The Conspiracy Cornerstone

Within this white supremacist viewpoint, the conspiracy theories of ‘white genocide’ and ‘the great replacement’ ­– both stressing that white majorities are under deliberate attack through demographic change – are the cornerstones of this belief system. These notions are by no means new concepts. The goal of maintaining white supremacy, of which concepts such as replacement and genocide rely on, has long been a mobilising force for violent extreme-right extremism in Europe and the US. From the establishment of the Ku Klux Klan in 1865 to the European fascist movements of the early 20th century and the paramilitary groups of the 1970s, extreme-right violence has been predicated on the need to use force to ensure either the eradication or the subordination of non-white communities.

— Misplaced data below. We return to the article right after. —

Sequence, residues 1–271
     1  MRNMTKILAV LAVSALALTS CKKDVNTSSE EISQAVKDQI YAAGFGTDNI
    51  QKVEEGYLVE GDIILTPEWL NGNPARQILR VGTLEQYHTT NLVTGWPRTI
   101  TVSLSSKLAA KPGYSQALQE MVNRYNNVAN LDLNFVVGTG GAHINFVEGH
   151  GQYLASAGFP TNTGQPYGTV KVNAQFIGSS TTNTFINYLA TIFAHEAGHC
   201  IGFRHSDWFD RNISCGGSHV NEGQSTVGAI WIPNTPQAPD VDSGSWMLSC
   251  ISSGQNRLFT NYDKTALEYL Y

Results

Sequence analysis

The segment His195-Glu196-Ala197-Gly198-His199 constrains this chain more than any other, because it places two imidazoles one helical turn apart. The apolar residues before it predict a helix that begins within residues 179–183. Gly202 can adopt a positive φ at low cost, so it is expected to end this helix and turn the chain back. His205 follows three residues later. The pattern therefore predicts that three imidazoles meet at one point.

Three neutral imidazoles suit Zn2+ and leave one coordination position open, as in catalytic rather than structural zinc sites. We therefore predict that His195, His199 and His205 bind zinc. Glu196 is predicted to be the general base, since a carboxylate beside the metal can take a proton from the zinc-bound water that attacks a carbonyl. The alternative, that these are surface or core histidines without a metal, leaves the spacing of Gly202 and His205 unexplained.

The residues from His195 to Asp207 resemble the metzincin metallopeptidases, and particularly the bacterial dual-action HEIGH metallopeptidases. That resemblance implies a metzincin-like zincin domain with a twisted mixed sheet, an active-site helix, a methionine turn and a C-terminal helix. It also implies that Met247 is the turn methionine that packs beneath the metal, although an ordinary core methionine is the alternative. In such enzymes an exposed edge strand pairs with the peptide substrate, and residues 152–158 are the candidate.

Though the two concepts have been increasingly brought under the same umbrella, they have very different origins. The “White Genocide” conspiracy was popularised in the 1990s by the convicted American neo-Nazi terrorist, David Lane, a centrally important figure to the modern US white supremacist movement. Lane, who also created the white supremacist creed the ‘14 words’ which advocate the need to ‘secure the existence of our people and a future for our White children’, consistently wrote about the idea that white America was being destroyed through demographic change, and Lane’s ideas and words are routinely found in the online diatribes of white supremacist terrorists.